“I was afraid when I was diagnosed. Now I encourage others to get tested for HIV (Human Immunodeficiency Virus). With daily antiretroviral therapy (ART), I maintain a healthy lifestyle. I haven’t had many side effects and am very thankful that I got tested,” said the woman when talking to her at my former job at Saint Boniface Hospital in Haiti. I still remember her face, beautiful and bright-eyed with a smile so big you would think she owned the world.
That was not my first encounter with someone living with HIV. In the past, I interacted with patients who tested positive for HIV at Hopital Universitaire de Mirebalais in Haiti, Kibong’oto Infectious Diseases Hospital in Tanzania and at the Centre for the AIDS Programme of Research in South Africa. According to the World Health Organization (WHO), 300,000 HIV deaths occurred among people infected with both tuberculosis and HIV in 2017. In my work in the field of tuberculosis, it has been common to interact with patients who have a positive diagnosis for HIV.
This woman stood out because she is using her positive diagnosis to engage others in her community. By sharing her story, she makes it clear that infected individuals can change the outcome of their life simply by obtaining early testing. Today she is boldly and fearlessly bringing awareness to HIV in Haiti and within her community.
I realize that seeing the woman in Haiti as a community advocate and a colleague normalized the situation for me. It was no longer a disease that inhibited her but rather one that empowered her to advocate for early HIV testing in the community.
As Americans become disproportionately affected by the COVID-19 pandemic, I wonder how we can use the lessons learned during this time to become advocates for others in the world? How can we increase awareness, not just for COVID-19 but also other diseases?
As a child, everything I knew about HIV came from the movie “Philadelphia” in which Tom Hanks’ diagnosis of HIV and his sexual orientation resulted in a significant amount of discrimination. The movie depicts the stigma associated with not just HIV but also with homosexuality and all sexually transmitted diseases (STDs). In the time since HIV was discovered in the 1980s, much has changed. People who are on ART can lead healthy lives if they obtain proper nutrition, exercise and refrain from smoking. As a community, we have learned a great deal about the disease. However, the social stigma persists — especially as the number of STD cases rises.
In the U.S., approximately 37,000 people received an HIV diagnosis in 2018. It is not surprising that the Centers for Disease Control and Prevention (CDC) and the WHO have dedicated resources for disease-associated stigma on their website.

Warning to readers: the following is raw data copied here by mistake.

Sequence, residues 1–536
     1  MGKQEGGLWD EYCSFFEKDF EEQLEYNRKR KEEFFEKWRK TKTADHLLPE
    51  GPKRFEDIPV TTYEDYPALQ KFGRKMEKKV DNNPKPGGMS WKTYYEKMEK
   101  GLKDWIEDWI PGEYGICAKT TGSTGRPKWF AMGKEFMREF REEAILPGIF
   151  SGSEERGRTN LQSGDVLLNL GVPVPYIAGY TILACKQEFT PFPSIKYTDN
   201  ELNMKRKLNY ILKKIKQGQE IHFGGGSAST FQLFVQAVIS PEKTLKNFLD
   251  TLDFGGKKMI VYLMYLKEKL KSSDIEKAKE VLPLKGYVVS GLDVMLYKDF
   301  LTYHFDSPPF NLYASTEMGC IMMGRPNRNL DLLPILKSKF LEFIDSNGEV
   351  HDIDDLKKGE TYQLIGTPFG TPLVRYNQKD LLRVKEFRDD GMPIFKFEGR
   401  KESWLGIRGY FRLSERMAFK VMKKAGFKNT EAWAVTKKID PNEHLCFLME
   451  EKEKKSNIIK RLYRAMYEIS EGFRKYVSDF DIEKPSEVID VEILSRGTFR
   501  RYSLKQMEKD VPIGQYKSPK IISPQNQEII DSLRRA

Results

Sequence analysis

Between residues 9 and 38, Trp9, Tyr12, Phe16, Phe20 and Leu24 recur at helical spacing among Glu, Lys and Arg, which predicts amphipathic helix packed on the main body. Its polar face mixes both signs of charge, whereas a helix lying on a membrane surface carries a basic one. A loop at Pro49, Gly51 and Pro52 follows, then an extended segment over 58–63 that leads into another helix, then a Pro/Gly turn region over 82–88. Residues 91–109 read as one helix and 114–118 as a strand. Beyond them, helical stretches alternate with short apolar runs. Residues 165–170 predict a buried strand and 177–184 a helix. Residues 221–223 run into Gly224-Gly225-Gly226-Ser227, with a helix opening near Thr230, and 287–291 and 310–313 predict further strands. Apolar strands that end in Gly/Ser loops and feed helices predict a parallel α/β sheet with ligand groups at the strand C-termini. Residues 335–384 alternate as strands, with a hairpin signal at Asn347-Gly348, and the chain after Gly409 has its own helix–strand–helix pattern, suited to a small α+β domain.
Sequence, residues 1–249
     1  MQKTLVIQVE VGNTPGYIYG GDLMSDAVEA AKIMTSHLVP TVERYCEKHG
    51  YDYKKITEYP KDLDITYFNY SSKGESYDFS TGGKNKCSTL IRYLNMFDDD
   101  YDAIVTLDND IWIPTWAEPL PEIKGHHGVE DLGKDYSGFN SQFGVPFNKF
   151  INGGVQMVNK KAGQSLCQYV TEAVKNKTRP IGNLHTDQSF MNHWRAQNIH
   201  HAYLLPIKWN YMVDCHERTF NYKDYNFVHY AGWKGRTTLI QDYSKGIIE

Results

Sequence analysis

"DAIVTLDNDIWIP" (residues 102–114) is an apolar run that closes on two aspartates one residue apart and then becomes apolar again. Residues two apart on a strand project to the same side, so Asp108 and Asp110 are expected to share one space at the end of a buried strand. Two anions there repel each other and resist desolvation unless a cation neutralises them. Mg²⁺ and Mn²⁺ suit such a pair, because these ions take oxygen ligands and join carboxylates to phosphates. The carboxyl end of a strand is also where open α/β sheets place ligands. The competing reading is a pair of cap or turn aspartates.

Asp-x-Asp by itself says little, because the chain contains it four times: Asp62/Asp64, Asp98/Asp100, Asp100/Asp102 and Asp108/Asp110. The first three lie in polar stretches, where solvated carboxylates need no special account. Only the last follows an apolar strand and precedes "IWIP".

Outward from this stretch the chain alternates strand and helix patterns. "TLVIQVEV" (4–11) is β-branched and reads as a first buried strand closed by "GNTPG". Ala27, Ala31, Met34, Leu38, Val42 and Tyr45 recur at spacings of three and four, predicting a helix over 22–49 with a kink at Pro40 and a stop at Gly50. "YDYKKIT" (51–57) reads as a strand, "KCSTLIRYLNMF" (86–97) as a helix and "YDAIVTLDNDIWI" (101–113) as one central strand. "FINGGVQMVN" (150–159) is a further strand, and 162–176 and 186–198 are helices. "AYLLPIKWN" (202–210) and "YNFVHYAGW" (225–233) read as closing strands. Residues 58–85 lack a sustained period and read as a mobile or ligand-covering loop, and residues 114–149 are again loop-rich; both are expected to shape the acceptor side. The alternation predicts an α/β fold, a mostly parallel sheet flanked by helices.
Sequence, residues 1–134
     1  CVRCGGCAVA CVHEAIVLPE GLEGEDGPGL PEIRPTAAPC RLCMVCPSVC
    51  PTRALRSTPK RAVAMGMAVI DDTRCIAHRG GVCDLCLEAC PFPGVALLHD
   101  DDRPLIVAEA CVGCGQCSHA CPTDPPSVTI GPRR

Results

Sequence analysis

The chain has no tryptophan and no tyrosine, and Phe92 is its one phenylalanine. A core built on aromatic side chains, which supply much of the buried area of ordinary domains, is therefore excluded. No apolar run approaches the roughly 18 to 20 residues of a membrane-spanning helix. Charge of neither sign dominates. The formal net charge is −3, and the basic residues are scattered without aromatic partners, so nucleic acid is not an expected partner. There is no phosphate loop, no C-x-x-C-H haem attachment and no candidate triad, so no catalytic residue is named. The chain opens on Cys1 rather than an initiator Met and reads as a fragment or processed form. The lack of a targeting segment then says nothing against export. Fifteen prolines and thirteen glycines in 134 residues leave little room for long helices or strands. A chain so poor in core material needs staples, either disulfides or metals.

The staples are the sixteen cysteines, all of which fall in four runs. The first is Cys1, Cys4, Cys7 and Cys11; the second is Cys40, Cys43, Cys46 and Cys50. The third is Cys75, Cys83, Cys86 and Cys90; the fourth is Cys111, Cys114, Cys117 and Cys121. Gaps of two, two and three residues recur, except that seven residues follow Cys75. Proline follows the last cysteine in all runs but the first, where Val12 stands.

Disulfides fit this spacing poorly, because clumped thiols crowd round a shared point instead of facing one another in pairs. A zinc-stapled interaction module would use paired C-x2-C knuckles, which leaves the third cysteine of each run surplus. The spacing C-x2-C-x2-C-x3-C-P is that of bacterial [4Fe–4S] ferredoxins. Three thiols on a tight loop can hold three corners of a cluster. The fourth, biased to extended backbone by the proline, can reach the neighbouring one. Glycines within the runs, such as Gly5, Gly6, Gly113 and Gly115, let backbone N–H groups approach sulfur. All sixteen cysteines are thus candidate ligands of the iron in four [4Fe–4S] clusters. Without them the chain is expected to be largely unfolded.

According to the CDC, STDs are on the rise in the U.S., yet there is a lack of awareness about them in our communities. In 2018, syphilis increased by 14% to more than 35,000 cases, gonorrhea increased by 5% to more than 580,000 cases, and chlamydia increased by 3% to more than 1.7 million cases. Congenital syphilis is on the rise, with a tragically high number of newborn deaths. Another common STD is human papillomavirus (HPV) infection. Most sexually active people become infected with HPV at least once in their lifetime. While 90% of the people clear the infection spontaneously and have no associated health problems, those who are not able to clear it could develop genital warts or cancer.
Unfortunately, Americans do not discuss STDs openly, in part due to a puritanical attitude towards sexual activity. According to a piece published by sexual health experts, a fulfilling sex life is an essential part of one’s well-being. Even so, most households, school systems and religious institutions shy away from having open and lengthy discussions about safe sex and the effects of unsafe sex.
A great example of an organization that provides STD testing and counseling in a confidential and respectful manner is Planned Parenthood. The organization, which originally opened in 1916 as a birth control clinic, now has a global presence with partnering organizations in approximately 12 countries. In addition to all the services the organization provides, over the years it has been a leading organization in advocating for the rights of all people to have proper sexual and reproductive health.
An article published by Business Insider indicates that due to an increased focus on the COVID-19 pandemic at this time, fewer people are getting tested for STDs. In some states, public health workers who were focused on caring for patients in the community exposed to STDs, are now working with COVID-19 patients. Therefore, some of the focus from STDs has shifted to COVID-19. Unfortunately, this may lead to a further increase in the rates of STDs, post-pandemic.
While many of us may not personally know individuals who are affected by STDs, COVID-19 is teaching us that awareness and discussions are vital during this time. We are learning that as we hear more about people’s personal experiences with the disease, our perspective of the disease changes. We do not discriminate against people or their families if they are infected with COVID-19. Instead, we empathize with them more. In that light, maybe it is time to encourage our communities to openly discuss STDs, their effects, and ways to mitigate spread.
In the same manner that we have come together to learn more about COVID-19 transmission and take necessary precautions, we can harness the humility and openness to discuss other diseases, in a matter-of-fact way. We can humbly accept that, as living beings, we are susceptible to illnesses and diseases, and by increasing community discussions we will enhance our ability to fight against them. I believe this is a great time for us to focus on diseases that are on the rise in the US and remain a taboo subject. Only then will we, as a community, be better equipped to fight against STDs.